Bat For Lashes (aka Natasha Khan) has a new album “Lost Girls.” (Courtesy Logan White)

Bat For Lashes, Stonefield, Big Country on tour

BTL songwriter Natasha Khan busy with many diverse projects

British composer Natasha Khan — who records and performs as Bat For Lashes — may have left her sleepy seaside town of Brighton for Los Angeles three years ago, but she hasn’t gone Hollywood.

Following several New Yorker friends who already made the pilgrimage, she says, “I was just looking to switch up my creative community, get some nature and work on a bit of scriptwriting.”

But Tinseltown took her under its wing. She wound up: directing short films; teaching classes at Los Angeles’ Design and Music Academy; composing music for Stephen King’s “Castle Rock” series on Hulu with Charles Scott IV; hammering out “Lost Girls,” her own sinister screenplay about witches; and eventually turning some of her songs into last year’s BFL concept album of the same name, which she’s backing on tour in town this week.

By the time she got the call from “Castle Rock” parent company — J.J. Abrams’ Bad Robot — Khan says she felt like a whoa-dude local. “I had spent a year absorbing all of the raiments of L.A. while avoiding all of that actor-y stuff,” she says. “I was more about the desert, the suburban neighborhoods and going up to Santa Cruz to see the “Lost Boys” bridge. Just seeing all these places that I’d seen in films before and felt like I was living in some ‘80s kids’ movie.”

She had no idea what to expect when she met with Scott, but by the end of their first day writing together, they completed one song, the moody, flickering “Kids in the Dark,” which became the first from “Lost Girls,” and feels like it would play well over a film’s closing credits.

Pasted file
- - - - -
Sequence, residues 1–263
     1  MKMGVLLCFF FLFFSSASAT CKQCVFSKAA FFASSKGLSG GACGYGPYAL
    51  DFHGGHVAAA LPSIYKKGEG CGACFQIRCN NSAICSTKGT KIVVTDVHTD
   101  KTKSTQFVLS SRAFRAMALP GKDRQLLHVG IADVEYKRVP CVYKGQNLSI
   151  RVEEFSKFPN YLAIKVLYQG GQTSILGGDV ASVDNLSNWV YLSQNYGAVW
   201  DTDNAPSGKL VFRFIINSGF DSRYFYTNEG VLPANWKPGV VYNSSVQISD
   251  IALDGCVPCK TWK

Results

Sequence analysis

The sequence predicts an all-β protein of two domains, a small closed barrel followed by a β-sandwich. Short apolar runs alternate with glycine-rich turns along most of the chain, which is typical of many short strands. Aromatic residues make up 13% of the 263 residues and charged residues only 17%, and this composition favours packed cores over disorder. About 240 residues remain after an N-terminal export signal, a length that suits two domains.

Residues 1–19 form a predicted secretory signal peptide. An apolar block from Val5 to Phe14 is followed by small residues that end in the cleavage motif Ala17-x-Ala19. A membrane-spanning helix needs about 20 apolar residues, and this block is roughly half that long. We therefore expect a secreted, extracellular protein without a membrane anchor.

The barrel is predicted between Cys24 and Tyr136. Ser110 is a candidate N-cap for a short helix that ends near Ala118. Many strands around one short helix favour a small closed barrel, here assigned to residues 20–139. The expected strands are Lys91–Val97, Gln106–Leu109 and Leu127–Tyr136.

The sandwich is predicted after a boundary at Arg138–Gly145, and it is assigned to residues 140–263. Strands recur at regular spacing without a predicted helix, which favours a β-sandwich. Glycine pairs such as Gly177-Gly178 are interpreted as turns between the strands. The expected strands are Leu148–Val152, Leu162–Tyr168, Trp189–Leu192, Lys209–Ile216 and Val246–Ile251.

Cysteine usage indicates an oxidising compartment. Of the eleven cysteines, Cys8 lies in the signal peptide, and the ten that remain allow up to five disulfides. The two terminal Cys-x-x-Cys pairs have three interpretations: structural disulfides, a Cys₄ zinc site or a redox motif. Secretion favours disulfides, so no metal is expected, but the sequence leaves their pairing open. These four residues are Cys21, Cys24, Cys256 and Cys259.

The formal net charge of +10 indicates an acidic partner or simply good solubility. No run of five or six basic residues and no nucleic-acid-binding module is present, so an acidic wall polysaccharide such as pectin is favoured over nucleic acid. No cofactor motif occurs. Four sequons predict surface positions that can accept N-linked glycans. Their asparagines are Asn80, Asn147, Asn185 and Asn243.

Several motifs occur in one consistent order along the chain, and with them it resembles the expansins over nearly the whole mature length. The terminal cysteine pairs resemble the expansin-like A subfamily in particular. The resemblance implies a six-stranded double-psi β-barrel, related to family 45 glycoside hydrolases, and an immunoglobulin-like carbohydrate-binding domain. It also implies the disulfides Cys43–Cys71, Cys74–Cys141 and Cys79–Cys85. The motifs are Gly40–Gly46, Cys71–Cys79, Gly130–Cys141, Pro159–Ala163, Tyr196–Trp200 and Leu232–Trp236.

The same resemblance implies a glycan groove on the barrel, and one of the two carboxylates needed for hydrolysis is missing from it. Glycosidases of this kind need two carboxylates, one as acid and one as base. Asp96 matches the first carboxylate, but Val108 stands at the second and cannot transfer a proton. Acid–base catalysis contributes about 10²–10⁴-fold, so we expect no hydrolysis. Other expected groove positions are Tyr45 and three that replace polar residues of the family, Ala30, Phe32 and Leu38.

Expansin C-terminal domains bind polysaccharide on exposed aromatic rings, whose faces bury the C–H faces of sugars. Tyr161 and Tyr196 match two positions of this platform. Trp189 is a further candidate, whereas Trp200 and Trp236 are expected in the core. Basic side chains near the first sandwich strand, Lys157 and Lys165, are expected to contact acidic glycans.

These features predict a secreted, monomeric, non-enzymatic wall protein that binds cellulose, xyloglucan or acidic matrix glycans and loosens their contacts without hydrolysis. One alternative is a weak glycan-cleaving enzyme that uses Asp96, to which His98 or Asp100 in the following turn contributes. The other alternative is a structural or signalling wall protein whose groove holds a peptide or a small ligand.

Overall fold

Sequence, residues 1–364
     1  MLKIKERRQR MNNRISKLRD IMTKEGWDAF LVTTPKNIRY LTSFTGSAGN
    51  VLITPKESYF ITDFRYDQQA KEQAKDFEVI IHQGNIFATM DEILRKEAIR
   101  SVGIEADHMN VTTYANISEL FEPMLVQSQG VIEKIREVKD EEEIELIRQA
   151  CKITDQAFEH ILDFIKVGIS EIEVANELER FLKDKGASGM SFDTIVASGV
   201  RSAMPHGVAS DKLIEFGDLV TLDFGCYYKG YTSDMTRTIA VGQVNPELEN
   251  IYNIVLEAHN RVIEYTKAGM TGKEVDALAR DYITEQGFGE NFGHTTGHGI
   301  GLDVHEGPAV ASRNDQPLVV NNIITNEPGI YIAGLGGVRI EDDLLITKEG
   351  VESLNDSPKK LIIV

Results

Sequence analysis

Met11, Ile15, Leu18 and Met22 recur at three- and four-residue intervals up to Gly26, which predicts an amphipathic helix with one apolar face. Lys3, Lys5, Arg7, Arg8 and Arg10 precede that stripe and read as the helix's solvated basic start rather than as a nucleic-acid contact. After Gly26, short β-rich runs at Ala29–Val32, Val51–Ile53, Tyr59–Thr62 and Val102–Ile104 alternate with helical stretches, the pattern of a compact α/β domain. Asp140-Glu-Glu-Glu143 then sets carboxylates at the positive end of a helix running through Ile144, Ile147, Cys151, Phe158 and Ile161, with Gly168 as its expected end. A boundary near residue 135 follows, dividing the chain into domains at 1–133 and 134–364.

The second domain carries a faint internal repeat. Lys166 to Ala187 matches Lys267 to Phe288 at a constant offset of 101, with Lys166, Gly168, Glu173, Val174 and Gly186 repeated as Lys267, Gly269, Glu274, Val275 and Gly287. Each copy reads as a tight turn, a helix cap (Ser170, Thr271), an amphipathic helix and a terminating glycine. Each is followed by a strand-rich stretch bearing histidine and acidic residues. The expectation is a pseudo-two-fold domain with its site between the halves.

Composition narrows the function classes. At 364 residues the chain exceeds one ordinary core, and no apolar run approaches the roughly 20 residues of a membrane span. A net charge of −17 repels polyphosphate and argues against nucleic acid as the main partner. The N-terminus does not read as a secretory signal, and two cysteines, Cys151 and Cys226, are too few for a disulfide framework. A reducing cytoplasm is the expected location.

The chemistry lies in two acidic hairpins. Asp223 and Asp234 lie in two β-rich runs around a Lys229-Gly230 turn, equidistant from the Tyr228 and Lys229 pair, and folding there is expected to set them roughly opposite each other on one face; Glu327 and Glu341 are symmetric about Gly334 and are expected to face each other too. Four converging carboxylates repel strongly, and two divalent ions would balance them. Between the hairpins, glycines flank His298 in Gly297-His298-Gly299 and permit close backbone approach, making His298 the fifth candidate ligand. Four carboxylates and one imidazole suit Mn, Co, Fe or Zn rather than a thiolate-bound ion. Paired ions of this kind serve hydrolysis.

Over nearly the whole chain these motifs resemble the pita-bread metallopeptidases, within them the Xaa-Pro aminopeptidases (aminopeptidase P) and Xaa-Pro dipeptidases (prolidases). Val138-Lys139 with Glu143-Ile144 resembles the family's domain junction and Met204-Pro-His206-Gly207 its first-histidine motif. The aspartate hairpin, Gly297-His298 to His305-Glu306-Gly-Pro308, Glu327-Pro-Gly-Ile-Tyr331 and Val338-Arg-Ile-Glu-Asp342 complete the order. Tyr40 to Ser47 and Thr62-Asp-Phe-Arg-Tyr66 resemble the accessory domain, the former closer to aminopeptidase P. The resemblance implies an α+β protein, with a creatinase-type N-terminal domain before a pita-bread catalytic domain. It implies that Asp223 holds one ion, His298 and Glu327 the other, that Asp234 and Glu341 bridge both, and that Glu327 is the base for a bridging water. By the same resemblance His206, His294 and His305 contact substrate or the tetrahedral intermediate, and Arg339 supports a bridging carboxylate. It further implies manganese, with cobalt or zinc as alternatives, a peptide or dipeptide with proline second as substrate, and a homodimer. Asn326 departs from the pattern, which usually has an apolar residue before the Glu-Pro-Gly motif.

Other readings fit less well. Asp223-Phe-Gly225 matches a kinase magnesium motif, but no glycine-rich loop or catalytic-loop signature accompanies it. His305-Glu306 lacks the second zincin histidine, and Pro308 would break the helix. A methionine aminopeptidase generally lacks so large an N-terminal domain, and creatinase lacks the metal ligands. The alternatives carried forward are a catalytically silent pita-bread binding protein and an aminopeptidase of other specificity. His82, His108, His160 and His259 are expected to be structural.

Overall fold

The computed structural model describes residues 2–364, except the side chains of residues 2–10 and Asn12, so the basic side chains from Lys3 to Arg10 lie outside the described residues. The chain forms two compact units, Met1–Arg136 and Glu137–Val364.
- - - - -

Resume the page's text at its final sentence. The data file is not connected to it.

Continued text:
“The premise Charles had for me was that there would be a Castle Rock radio station, and they wanted songs that sounded like they were from the ‘80s,” says the artist, 40. It suited her perfectly, she adds, “Because I think that’s what I’ve always been trying to do in my career, anyway.”

And now that she’s imagined this universe where her intrepid protagonist Nikki Pink faces off against a gang of biker witches, she hopes to see her screenplay made into a movie, as well.

“But none of the things I’m making are meant to be mere ‘content’ for anyone. I’ve been painting, there’s a children’s book I want to finish, and it’s all just my natural output. I don’t feel pressured to produce,” she says.


Bat For Lashes

Where: Palace of Fine Arts, 3601 Lyon St., S.F.

When: 8 p.m. Thursday, Feb. 13

Tickets: $35


Australian prog-rockers Stonefield appear in Oakland on Feb. 13. (Courtesy Stonefield)

Australian Amy Findlay of the pysch-rock band Stonefield, on the other hand, is happy that Greta Gerwig has made a sleek new version of “Little Women.”

But she doesn’t need to see it. She and her three younger sisters — appearing this week in The City promoting their fourth album, “Bent” — actually lived it, growing up in the secluded mountain village of Darraweit Guim.

“People always used to refer to us like that,” says the drummer-vocalist, 29. “Our mom used to dress us in little white cheesecloth dresses, so we’d get “‘Little Women’ or ‘Little House on the Prairie.’ We spent a lot of time just riding our bikes, rolling downhill, or throwing cow poo at each other.”

That is, until a drum kit arrived one Christmas.

Amy called dibs, and spurred by Frank Zappa records her parents played around the house, began taking music seriously.